TRIUMPH SPEED TRIPLE R
Wrist: Ari Henning
MSRP (2013): $15,999
Mods: SW-Motech mirror extenders
In my last update, I left more than 1,000 miles unaccounted for after my ride to Monterey with Marc and Zack for the Laguna Seca MotoGP. I added another 300 miles on race day alone—moments after the checkered flag dropped for young Marc Marquez, I sprinted to the parking lot at turn five, hopped on the Speed, and sped toward Highway 101 ahead of the post-race rush.
After 5,000 miles, the Michelin Pilot Power 3s are wearing down. The rear has a flat spot,
What was my hurry? It was already 2:30 in the afternoon, and I still had a long way to go before day's end. But I wasn't headed south to Los Angeles. Rather, I was riding north to Anderson at the northern end of California's Central Valley for another couple days of gallivanting. It's hard to get out of the office, so when I'm away, I try to make it last!
Previously, I'd mentioned a desire to wander among the redwoods of Northern California. I finally got the chance to do it, but it wasn't on my Triumph. When I arrived in Anderson, just south of Redding, I met up with Kevin Nixon of Twisted Throttle. Kev was headed home after attending the BMW Motorcycle Owners of America rally in Salem, Oregon, and had a trailer full of ultra-farkled showbikes to play with. We rolled a Triumph Street Triple R and a new BMW R1200GS out of the trailer and headed for the coast. But that's another story, one you can read about in the Megaphone column.
SW-Motech’s mirror wideners are the cure for a crummy rear view. They’re available for a v
After an awesome two-day loop ride with Kevin, it was time to get back to the office. But before I left, we swapped the SW-Motech mirror wideners (twistedthrottle.com; $70.99) from Twisted's Street Triple to my Speed Triple. I complimented the parts enough during our ride that Kevin offered them to me for the Speed. The little machined-aluminum brackets move the mirrors out about an inch and a half, making them significantly more effective, and they haven't affected my ability to split lanes in LA traffic. They're a great mod for riders tired of staring at their elbows.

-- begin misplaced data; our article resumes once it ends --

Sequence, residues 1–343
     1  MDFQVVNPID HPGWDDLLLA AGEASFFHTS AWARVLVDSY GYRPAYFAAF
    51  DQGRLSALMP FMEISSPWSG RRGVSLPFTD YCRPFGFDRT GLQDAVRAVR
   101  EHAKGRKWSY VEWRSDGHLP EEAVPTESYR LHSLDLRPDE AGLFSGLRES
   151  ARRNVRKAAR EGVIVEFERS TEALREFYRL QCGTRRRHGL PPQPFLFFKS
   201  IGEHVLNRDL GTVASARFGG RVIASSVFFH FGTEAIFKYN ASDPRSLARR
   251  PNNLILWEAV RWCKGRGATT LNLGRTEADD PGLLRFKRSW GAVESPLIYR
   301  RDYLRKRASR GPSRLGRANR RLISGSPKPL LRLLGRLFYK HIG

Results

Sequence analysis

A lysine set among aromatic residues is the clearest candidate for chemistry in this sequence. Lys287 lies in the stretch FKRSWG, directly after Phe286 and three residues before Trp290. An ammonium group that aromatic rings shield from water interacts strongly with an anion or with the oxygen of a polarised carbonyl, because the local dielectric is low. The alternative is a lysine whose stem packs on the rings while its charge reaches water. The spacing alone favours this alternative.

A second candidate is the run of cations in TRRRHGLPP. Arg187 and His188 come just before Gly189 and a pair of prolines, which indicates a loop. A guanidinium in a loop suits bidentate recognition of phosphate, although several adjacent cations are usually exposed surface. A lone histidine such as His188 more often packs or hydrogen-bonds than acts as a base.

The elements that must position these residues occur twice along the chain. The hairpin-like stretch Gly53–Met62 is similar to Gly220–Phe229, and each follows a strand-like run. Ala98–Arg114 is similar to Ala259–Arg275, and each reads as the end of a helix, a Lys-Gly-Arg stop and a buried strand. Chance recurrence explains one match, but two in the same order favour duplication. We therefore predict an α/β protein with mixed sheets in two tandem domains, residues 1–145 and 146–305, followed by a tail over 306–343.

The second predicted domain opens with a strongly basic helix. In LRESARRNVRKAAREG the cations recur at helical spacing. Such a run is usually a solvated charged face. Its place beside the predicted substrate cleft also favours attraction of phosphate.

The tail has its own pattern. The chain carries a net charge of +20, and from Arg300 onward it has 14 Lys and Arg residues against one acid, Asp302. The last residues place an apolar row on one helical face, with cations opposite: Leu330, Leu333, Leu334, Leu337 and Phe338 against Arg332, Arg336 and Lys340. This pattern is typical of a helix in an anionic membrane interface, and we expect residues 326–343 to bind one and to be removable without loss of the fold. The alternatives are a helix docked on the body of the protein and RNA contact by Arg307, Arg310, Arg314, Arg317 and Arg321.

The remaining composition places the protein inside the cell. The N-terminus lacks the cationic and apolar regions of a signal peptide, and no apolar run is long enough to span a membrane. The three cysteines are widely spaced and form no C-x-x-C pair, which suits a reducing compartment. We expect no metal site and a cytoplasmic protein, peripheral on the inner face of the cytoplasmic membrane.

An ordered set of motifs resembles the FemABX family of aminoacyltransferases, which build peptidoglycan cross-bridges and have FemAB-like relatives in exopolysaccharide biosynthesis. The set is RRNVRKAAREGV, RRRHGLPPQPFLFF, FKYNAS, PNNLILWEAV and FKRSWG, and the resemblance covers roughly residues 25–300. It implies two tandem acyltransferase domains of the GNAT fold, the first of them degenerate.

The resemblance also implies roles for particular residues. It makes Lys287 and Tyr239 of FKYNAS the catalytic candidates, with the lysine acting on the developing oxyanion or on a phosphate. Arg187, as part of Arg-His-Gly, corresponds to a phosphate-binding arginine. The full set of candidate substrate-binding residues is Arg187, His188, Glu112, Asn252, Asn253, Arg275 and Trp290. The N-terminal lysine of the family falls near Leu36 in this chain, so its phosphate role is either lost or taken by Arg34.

With midday temperatures expected to exceed 100 degrees, I opted to leave Anderson before dawn in an attempt to knock out part of the 650-mile freeway slog south before it got too hot. Kevin had another item to help on the ride home: a dry cooling vest from Macna that Twisted Throttle had just introduced to the public at the MOA rally. The water-filled vest uses evaporative cooling to keep your body temperature in check, and it made a noticeable difference in the midday heat. It's a passive system so the effect isn't dramatic, but it definitely elevated my tolerable temperature threshold. It's an expensive item at $166—especially when you can soak a T-shirt for free—but the Macna vest's vapor-permeable membrane means your skin doesn't get wet and the garment remained effective all day.
I met a Japanese man at a gas station who was taking his KLR from Alaska to Mexico, but other than that the ride back to LA was entirely uneventful. The Speed is happy to lope along at 80 mph and will cover 150 miles between fill-ups, but I couldn't last that long. The unabated windblast put constant pressure on my neck and shoulders, while my knees longed for more legroom and the stiff suspension jostled my stiff muscles. The fork is harsher than my previous bike, despite what should have been identical settings, so I'm wondering if the fork legs are misaligned and binding. I'll check when I put fresh tires on.
In total I rode about 1,800 miles over the long weekend—more than 1,300 miles on my Speed Triple and another 500 miles on the Twisted Throttle bikes.
Considering all the touring I've done on the Triumph, maybe I should have asked for a Tiger instead. This freeway time isn't in line with how I like to travel, though, and the Speed is perfect for the city streets and twisty back roads on which I do most of my riding. Even after such a long highway stint, I have no regrets.